Edgar Allan Poe’s Necromantic Literature
Tuesday’s Tale of Terror October 28, 2014
Halloween is this week. What if you didn’t go trick-or-treating or didn’t answer your doorbell to the playful ghosts and witches? What if you stayed locked in your home, alone, and entertained the darkness on this oh-so-hallowed night. What consciousness of the dead would conspire to make your acquaintance? How brave are you?
Edgar Allan Poe knew the power of being alone. He knew the power of the imagination. He knew the power of death. His characters were masters at conjuring up palpable and mysterious presences. A Tale of the Ragged Mountains is a less popular short story from the Poe collection that I’m betting many here haven’t read. This story is about Augustus Bedloe who travels alone a mountain in Charlottesville in a thick and peculiar mist.
“Busied in this, I walked on for several hours, during which the mist deepened around me to so great an extent that at length I was reduced to an absolute groping of the way. And now an indescribable uneasiness possessed me–a species of nervous hesitation and tremor. I feared to tread, lest I should be precipitated into some abyss. I remembered, too, strange stories told about these Ragged Hills, and of the uncouth and fierce races of men who tenanted their groves and caverns. A thousand vague fancies oppressed and disconcerted me–fancies the more distressing because vague. Very suddenly my attention was arrested by the loud beating of a drum.”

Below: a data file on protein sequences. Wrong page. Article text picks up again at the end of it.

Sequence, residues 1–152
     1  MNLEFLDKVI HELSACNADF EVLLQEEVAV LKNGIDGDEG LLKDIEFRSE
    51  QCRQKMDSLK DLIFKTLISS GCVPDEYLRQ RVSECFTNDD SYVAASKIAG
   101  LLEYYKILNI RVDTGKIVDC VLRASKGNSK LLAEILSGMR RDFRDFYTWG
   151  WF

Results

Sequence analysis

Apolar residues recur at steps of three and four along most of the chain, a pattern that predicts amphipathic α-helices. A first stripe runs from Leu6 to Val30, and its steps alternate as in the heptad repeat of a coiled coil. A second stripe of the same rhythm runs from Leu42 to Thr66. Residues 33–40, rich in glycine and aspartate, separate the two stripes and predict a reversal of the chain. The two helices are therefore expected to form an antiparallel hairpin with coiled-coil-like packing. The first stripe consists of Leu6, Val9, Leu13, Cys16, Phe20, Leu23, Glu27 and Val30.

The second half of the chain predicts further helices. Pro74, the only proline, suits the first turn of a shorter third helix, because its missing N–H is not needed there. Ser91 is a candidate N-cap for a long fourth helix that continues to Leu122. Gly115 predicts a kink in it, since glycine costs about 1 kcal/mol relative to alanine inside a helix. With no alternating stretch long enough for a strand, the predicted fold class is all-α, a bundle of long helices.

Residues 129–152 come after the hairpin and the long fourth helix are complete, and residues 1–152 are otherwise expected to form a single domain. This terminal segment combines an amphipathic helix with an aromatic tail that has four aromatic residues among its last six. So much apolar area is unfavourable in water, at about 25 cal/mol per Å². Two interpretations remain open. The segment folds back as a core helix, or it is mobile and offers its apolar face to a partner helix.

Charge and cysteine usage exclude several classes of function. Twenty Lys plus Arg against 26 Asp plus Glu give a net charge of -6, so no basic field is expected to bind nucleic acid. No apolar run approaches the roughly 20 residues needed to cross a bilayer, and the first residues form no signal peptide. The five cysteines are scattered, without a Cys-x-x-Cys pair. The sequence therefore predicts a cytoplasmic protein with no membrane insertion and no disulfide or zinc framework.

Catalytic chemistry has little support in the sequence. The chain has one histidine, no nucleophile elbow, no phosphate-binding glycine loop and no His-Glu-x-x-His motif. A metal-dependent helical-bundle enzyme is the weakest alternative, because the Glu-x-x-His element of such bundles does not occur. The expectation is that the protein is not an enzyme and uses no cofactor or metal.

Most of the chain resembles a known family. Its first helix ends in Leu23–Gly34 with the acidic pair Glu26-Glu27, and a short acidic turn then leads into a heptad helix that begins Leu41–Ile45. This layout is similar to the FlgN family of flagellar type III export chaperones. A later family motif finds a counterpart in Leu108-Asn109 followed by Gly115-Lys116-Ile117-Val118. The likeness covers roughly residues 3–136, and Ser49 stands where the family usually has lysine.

What happens to Bedloe alone on this mountain? This is a story of mesmerism, disembodiment and reembodiment, bizarre encounters, and death. Perfect for a Halloween read because there is no Halloween without the macabre adventures of Poe.
A Tale of the Ragged Mountains by Edgar Allan Poe (1844)
Read this short story at Classic Literature About.com
In keeping with this theme of solitude, Poe also wrote the following poem Alone, which I’ve posted here. Quite revealing, this poem expresses what it is to love alone and what it might bring.
From childhood’s hour I have not been
As others were; I have not seen
As others saw; I could not bring
My passions from a common spring.
From the same source I have not taken
My sorrow; I could not awaken
My heart to joy at the same tone;
And all I loved, I loved alone.
Then- in my childhood, in the dawn
Of a most stormy life- was drawn
From every depth of good and ill
The mystery which binds me still:
From the torrent, or the fountain,
From the red cliff of the mountain,
From the sun that round me rolled
In its autumn tint of gold,
From the lightning in the sky
As it passed me flying by,
From the thunder and the storm,
And the cloud that took the form
(When the rest of Heaven was blue)
Of a demon in my view.
[Above art credit: Ashwini Shrivastava]
Lastly, I want to give you Poe’s final story, just before his sudden death. Poe began a manuscript titled The Light-House. Unfinished and unpublished, this is the story of a man with a passion for solitude, who goes to live at the edge of the sea in a lighthouse. Poe wrote only four paragraphs.
“My spirits are beginning to revive already, at the mere thought of being — for once in my life at least — thoroughly alone …”
Poe’s biographies tell of his great misery and tragedies as well as loneliness. We think of solitude and loneliness as walls that shut out the world. For Poe, the aloneness may have acted as a bridge to his necromantic literature. A master of dark fiction, Poe died, October 7, 1849 at Washington Hospital. His last words, “Lord, help my poor soul.”
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